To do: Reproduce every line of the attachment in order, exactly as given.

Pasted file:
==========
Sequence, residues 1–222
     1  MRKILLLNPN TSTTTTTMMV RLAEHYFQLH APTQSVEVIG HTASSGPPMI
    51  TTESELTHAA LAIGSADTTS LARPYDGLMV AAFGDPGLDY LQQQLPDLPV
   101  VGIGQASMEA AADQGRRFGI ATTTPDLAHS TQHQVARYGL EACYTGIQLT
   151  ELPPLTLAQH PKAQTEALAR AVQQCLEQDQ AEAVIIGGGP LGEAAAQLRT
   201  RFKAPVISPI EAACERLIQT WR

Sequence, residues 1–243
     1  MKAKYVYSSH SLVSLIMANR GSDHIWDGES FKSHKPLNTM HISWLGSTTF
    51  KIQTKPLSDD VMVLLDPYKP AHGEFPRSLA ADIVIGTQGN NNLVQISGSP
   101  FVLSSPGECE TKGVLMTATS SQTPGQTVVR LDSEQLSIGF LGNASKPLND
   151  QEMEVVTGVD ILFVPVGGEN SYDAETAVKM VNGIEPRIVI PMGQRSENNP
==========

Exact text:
Sequence, residues 1–222
     1  MRKILLLNPN TSTTTTTMMV RLAEHYFQLH APTQSVEVIG HTASSGPPMI
    51  TTESELTHAA LAIGSADTTS LARPYDGLMV AAFGDPGLDY LQQQLPDLPV
   101  VGIGQASMEA AADQGRRFGI ATTTPDLAHS TQHQVARYGL EACYTGIQLT
   151  ELPPLTLAQH PKAQTEALAR AVQQCLEQDQ AEAVIIGGGP LGEAAAQLRT
   201  RFKAPVISPI EAACERLIQT WR

Sequence, residues 1–243
     1  MKAKYVYSSH SLVSLIMANR GSDHIWDGES FKSHKPLNTM HISWLGSTTF
    51  KIQTKPLSDD VMVLLDPYKP AHGEFPRSLA ADIVIGTQGN NNLVQISGSP
   101  FVLSSPGECE TKGVLMTATS SQTPGQTVVR LDSEQLSIGF LGNASKPLND
   151  QEMEVVTGVD ILFVPVGGEN SYDAETAVKM VNGIEPRIVI PMGQRSENNP